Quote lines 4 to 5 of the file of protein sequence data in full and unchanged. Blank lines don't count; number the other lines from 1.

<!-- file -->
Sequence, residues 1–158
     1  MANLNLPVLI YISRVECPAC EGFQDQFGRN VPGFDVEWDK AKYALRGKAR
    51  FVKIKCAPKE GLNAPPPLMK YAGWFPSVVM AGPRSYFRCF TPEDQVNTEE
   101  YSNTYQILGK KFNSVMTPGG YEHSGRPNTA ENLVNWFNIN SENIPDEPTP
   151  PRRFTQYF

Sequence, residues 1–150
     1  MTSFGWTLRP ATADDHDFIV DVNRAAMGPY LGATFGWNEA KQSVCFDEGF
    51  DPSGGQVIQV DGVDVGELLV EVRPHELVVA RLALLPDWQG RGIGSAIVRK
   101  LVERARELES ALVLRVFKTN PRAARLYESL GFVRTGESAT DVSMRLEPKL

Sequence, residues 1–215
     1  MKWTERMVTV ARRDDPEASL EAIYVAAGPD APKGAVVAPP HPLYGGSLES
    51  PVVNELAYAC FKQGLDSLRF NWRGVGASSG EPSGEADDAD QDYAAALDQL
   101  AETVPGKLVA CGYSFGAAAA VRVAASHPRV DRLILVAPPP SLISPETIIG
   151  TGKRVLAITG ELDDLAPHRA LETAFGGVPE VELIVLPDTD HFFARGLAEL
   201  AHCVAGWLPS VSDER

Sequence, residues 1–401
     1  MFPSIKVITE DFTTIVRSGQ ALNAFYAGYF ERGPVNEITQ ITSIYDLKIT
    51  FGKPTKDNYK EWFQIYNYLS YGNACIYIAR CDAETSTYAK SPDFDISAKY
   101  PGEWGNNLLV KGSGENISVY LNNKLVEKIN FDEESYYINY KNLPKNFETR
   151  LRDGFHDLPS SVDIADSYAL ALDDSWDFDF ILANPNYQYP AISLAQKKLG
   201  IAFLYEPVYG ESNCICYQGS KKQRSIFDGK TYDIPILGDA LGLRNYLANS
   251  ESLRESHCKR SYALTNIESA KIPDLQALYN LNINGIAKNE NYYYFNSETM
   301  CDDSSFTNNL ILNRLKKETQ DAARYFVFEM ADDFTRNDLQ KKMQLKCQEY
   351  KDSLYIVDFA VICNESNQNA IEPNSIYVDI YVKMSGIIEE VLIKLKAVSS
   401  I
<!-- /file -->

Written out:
   101  YSNTYQILGK KFNSVMTPGG YEHSGRPNTA ENLVNWFNIN SENIPDEPTP
   151  PRRFTQYF